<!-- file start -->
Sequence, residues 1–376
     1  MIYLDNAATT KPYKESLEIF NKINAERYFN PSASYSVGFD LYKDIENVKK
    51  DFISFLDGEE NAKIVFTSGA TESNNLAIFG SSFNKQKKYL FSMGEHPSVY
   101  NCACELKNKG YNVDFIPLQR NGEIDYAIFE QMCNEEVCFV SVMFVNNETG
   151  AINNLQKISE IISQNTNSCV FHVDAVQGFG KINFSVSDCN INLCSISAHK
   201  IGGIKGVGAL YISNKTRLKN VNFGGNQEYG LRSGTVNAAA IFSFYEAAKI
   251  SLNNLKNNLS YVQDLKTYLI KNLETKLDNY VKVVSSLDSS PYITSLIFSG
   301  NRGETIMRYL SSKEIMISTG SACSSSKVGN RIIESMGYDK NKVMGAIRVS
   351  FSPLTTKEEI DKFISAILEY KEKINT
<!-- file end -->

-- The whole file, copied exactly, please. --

Sequence, residues 1–376
     1  MIYLDNAATT KPYKESLEIF NKINAERYFN PSASYSVGFD LYKDIENVKK
    51  DFISFLDGEE NAKIVFTSGA TESNNLAIFG SSFNKQKKYL FSMGEHPSVY
   101  NCACELKNKG YNVDFIPLQR NGEIDYAIFE QMCNEEVCFV SVMFVNNETG
   151  AINNLQKISE IISQNTNSCV FHVDAVQGFG KINFSVSDCN INLCSISAHK
   201  IGGIKGVGAL YISNKTRLKN VNFGGNQEYG LRSGTVNAAA IFSFYEAAKI
   251  SLNNLKNNLS YVQDLKTYLI KNLETKLDNY VKVVSSLDSS PYITSLIFSG
   301  NRGETIMRYL SSKEIMISTG SACSSSKVGN RIIESMGYDK NKVMGAIRVS
   351  FSPLTTKEEI DKFISAILEY KEKINT